If you're just coming here for the first time, uh... you're late. The site is no longer updated daily (see HERE for the story). But it's still kicking 1-2x a week, and it's better late than never! Before reading any of the "reviews", you should read the intro, the FAQ, the MOVIES I HAVE ALREADY SEEN list, and if you want, the glossary of genre terms and "What is Horror?", which explains some of the "that's not horror!" entries. And to keep things clean, all off topic posts are re-dated to be in JANUARY 2007 (which was before I began doing this little project) once they have 'expired' (i.e. are 10 days old).

Due to many people commenting "I have to see this movie!" after a review, I have decided to add Amazon links within the reviews (they are located at the bottom), as well as a few links to the Horror Movie A Day Store around the page, hopefully non-obstructively. Amazon will also automatically link things they find relevant, so there might be a few random links in a review as well. If they become annoying, I'll remove the functionality. Right now I'm just kind of amused what they come up with (for example, they highlighted 'a horror movie' in the middle of one review and it links to, of all things, the 50 Chilling Movies Budget Pack!!!).

Last but not least, some reviews contain spoilers (NOTE - With a few exceptions, anything written on the back of the DVD or that occurs less than halfway through the movie I do NOT consider a spoiler). I will be adding 'spoiler alerts' for these reviews as I go through and re-do the older reviews (longtime readers may notice that there is now a 'show more' which cleaned up the main page, as well as listing the source of the movie I watched, i.e. Theaters, DVD, TV) to reflect the new format. This is time consuming, so bear with me.

Thanks for coming by and be sure to leave comments, play nice, and as always, watch Cathy's Curse.


Girl's Nite Out (1982)

MAY 25, 2018


As slasher plots go, setting a killer loose on a group of college kids engaged in an all night scavenger hunt is a pretty solid one, and as slasher costumes go, putting your murderer in a goofy bear mascot outfit (complete with googly eyes) is pretty much the dumbest idea. Girl's Nite Out (aka The Scaremaker) does both, which alone would make it if nothing else one of the weirder entries in the slasher canon's golden era, but the movie goes a step further with a third act that defies any conventional wisdom about body count flicks, elevating a quirky but ultimately forgettable slasher into "You have to see this goddamn thing" territory for slasher aficionados. Everyone else should probably steer clear, though.

Despite the promising setup, for an hour or so the movie is just another weak slasher from the twilight of the slasher boom. The pacing is particularly damaging; the scavenger game doesn't even start for over forty minutes, forcing you to endure an endless party scene, a basketball game, the Final Girl's boyfriend Teddy's endless wooing of another woman before things finally get slashy. To be fair there are a couple of quick kills to tide us over until that point, but the first is of a gravedigger and seems like it was possibly added later to get another kill in, and the second is actually kind of a dumb move, as it's of Benson, the guy who usually wears the mascot costume. Why they'd cancel out a good red herring in a whodunit is beyond me; my only guess is that they were going for a "show the bomb under the table" vibe for all the subsequent scenes where someone sees the killer and thinks it's Benson, but for the most part he attacks almost as soon as they see him, and he never once uses his "in" to get someone alone (think Terror Train when he takes out Mitchy). As much as the movie needed some action in its first half, I would have rather they sprung his death as a surprise on us later.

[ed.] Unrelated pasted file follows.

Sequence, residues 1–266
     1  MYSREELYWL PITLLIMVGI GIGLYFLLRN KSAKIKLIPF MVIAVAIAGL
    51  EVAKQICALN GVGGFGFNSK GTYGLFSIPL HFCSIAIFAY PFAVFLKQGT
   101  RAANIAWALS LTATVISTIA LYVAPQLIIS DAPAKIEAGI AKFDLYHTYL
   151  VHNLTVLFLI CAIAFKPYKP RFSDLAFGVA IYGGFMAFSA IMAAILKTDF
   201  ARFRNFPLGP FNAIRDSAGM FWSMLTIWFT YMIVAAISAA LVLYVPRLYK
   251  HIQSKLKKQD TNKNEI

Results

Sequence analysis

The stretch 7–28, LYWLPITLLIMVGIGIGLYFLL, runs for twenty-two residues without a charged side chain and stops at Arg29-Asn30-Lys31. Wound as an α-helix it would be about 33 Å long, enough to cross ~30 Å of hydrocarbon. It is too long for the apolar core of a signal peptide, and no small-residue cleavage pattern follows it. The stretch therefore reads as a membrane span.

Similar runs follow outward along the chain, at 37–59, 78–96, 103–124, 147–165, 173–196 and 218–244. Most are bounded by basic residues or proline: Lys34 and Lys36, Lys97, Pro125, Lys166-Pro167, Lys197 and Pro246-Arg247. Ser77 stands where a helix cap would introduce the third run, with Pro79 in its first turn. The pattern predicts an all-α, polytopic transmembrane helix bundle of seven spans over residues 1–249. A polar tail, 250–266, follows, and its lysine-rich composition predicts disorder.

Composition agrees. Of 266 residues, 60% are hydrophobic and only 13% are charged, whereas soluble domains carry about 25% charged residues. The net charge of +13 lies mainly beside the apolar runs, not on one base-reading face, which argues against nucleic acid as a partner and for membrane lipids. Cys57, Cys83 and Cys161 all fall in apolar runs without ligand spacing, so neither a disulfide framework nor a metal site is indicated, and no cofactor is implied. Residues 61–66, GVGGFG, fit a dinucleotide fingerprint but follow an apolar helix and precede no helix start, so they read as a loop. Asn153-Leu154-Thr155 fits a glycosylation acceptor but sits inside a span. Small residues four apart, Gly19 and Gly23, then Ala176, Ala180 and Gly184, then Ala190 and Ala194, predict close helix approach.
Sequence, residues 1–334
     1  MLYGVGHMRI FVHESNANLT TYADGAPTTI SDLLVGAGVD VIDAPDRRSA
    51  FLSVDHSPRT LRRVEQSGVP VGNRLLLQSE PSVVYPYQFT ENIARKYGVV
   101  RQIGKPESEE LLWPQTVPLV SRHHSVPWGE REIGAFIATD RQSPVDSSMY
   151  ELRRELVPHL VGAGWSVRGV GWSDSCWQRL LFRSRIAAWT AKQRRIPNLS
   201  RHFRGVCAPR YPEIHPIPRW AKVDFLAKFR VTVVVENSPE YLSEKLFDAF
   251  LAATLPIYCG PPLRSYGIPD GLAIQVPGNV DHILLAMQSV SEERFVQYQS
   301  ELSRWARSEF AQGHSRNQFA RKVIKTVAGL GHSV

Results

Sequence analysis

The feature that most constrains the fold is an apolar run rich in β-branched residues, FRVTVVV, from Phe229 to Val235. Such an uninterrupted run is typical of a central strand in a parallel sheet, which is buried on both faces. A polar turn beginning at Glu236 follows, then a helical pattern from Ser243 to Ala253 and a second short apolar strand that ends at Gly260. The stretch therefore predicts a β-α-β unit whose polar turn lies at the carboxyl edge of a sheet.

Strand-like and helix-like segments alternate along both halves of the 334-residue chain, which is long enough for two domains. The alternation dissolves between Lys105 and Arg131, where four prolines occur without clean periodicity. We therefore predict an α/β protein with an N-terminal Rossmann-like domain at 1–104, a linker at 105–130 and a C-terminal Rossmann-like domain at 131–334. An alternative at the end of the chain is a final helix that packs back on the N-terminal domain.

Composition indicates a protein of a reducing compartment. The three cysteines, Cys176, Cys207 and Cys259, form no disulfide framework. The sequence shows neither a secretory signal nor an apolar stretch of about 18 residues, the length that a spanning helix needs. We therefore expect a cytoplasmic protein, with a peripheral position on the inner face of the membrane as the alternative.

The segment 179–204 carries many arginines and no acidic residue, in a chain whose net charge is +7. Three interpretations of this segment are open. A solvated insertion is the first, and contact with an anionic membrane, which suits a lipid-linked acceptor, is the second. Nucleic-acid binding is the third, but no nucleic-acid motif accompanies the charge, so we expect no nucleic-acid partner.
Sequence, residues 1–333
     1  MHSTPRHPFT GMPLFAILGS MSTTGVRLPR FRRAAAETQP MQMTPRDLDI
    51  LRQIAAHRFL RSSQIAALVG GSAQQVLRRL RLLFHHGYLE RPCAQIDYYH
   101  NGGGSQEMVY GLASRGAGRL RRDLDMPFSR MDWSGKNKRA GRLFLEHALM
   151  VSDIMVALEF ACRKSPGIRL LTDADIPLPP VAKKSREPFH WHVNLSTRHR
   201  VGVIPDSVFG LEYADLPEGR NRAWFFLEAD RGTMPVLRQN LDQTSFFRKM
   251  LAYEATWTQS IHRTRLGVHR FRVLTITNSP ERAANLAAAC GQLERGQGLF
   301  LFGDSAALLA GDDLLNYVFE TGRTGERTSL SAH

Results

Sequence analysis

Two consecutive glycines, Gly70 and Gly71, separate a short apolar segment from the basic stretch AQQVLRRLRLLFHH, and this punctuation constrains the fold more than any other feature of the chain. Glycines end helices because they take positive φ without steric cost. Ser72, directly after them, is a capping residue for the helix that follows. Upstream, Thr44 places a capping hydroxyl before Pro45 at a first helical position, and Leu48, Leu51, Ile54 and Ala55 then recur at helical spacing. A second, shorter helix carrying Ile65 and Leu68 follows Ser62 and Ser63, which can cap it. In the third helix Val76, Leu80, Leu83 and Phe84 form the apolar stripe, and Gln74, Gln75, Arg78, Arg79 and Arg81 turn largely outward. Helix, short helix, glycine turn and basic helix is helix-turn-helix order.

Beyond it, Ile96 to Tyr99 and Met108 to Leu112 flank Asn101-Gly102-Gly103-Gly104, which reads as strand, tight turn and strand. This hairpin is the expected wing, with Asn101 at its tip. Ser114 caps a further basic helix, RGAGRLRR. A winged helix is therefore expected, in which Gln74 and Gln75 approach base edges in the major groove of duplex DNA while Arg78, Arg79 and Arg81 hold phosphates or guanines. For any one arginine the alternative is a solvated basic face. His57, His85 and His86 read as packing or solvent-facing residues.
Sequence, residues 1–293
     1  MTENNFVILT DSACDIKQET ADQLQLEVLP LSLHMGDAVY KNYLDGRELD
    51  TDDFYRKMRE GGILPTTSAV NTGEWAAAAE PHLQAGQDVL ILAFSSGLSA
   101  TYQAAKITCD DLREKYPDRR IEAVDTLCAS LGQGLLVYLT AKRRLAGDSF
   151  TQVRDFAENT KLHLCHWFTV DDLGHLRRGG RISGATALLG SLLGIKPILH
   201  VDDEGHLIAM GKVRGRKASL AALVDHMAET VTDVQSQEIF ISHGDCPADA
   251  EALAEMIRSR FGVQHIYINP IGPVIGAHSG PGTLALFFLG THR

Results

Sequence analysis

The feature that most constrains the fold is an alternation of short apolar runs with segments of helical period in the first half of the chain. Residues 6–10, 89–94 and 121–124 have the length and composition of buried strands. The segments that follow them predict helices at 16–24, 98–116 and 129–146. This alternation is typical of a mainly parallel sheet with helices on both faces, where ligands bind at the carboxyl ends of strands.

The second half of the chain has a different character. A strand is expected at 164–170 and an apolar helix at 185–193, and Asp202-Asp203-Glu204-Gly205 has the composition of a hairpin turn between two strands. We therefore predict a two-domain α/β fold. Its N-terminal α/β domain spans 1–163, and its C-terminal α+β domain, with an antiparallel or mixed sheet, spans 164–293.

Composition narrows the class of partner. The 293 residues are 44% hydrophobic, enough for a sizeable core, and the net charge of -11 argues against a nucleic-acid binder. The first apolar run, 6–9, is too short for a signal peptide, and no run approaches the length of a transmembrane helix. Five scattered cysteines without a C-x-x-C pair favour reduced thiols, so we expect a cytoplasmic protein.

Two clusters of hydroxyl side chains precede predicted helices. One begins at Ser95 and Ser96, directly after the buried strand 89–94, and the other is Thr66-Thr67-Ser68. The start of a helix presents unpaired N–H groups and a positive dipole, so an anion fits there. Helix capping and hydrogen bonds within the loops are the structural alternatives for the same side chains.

Then again it's not particularly difficult to figure out who the killer is, since the performer is someone you'll probably recognize and they only appear in a couple of inconsequential early scenes, so as soon as you think "Hey where's ____? Why would they hire them to play that random?" you'll instantly realize you know exactly why - so they can turn up later as the killer (I've referred to this as "Orser's Rule", after actor Leland Orser, who showed up as an anonymous technician in Bone Collector, a rule otherwise beneath him at that point, making the film's mystery a complete non-starter). I won't spoil their identity for those who might not recognize the actor or actress, but I have more to say about the film's climax, so skip the next paragraph if you want to be as charmingly confused as I was.